Courtesy of Steph Montgomery

7 Reasons We Need To Stop Joking About Clueless Dads

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Spend time in any mom group on social media and you're bound to come across a few jokes about dads. You know what I'm talking about: half-hearted attempts at comedy that make dads out to be clueless, lazy, and hopelessly inept parents. I’m over it. There are so many reasons why, as moms, we need to stop joking about clueless dads. These jabs aren't funny, are often untrue, and always perpetuate undeniably harmful stereotypes about gender and parenting.

Now, I’m not saying that dads don't deserve our criticism. There’s a reason these problematic jokes exist, and that reason is valid. Generally speaking, moms shoulder more parenting responsibilities than dads, even when they also work outside the home. A study published in the journal Family Relations found that while dads are more involved parents now than they have ever been before, new moms devote twice as a many hours a week to parenting tasks when compared to their male counterparts. I would like to believe that my husband and I do things equally, but we don't and regardless of how hard we try to keep things fair. There is a very real labor disparity, and I'd be lying if I said it didn't hinge on gender.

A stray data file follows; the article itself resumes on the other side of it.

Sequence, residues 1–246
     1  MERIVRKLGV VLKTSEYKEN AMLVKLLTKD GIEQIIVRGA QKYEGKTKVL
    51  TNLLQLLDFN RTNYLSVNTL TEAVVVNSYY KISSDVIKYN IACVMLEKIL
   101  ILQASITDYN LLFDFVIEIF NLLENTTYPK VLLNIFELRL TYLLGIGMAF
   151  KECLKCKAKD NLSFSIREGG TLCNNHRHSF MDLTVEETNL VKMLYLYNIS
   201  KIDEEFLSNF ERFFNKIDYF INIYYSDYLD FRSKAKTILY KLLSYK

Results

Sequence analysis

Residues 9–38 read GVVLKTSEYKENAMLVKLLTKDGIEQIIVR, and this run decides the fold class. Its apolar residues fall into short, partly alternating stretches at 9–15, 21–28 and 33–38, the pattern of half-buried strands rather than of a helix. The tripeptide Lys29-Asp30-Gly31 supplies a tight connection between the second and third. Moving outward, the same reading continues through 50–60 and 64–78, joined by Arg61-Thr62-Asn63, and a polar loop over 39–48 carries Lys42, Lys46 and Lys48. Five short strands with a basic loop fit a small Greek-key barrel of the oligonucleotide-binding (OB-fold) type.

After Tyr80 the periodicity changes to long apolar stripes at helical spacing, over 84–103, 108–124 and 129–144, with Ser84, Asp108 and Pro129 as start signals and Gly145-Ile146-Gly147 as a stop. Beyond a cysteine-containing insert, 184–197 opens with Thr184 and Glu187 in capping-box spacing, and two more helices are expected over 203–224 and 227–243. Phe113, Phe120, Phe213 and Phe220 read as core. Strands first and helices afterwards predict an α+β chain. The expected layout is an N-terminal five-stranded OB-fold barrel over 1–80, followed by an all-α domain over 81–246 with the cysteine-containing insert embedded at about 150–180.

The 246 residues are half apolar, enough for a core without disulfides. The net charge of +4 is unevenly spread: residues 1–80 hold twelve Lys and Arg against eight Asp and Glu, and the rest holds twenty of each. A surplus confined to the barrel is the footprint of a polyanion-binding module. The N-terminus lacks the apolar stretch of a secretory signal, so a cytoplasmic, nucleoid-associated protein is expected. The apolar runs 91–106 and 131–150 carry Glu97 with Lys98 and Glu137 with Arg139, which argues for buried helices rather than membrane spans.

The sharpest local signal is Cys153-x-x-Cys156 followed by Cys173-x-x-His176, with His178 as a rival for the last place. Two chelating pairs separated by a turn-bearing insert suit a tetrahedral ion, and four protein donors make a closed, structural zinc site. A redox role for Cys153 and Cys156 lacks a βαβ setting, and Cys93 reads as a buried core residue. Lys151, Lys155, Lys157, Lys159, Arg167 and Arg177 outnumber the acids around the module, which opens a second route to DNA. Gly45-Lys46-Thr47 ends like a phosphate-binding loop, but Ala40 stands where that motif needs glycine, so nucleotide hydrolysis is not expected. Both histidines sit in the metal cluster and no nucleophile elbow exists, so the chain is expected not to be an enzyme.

The problem of gender inequity won't end if we simply stop telling jokes about clueless dads. But it's a step in the right direction, and one we should all be willing to collectively take. Reducing gender inequality to something we all just laugh at does nothing but normalize the idea that dads shouldn't be involved parents and, when they are, they gets points for simply attempting to be present or responsible. We continue to perpetuate the notion that dads can't be equal parents, because as dads they literally don’t have the knowledge, skills, or abilities to do it. That's the kind of messaging we should be combating, not fortifying.

Of course dads can do things like cook meals, change diapers, do their daughters' hair, and stay home with their kids. And we shouldn't give them a trophy when they succeed at the most basic parenting tasks. Do I think that fed up moms deserve to blow off steam once in a while? Absolutely. Hell, I need to vent on occasion. But instead of joking about how acceptable it is for your co-parenting partner to continue to suck at the parenting tasks he is fully capable of doing, I suggest we start demanding more from our parenting counterparts. Our male partners, our kids, and we, as moms, deserve better.

Because It Perpetuates Harmful Gender Stereotypes

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In our culture women are almost always expected to become moms. We are handed dolls before we can walk and learn how to care for babies by immersion. Then, if we do have kids, we are expected to be great parents immediately, love every single aspect of parenthood lest we "miss the small moments," and sacrifice every part of ourselves in the name of motherhood.

Men, on the other hand, aren't expected to procreate the moment they become adults. And instead of being accused of becoming bad parents, their mistakes make them funny, sweet, or silly... like a sitcom character who just can't figure things out. Joking about that one "clueless dad" perpetuates the idea that parenthood is innately "woman's work" and men lack the natural ability to care for another human being.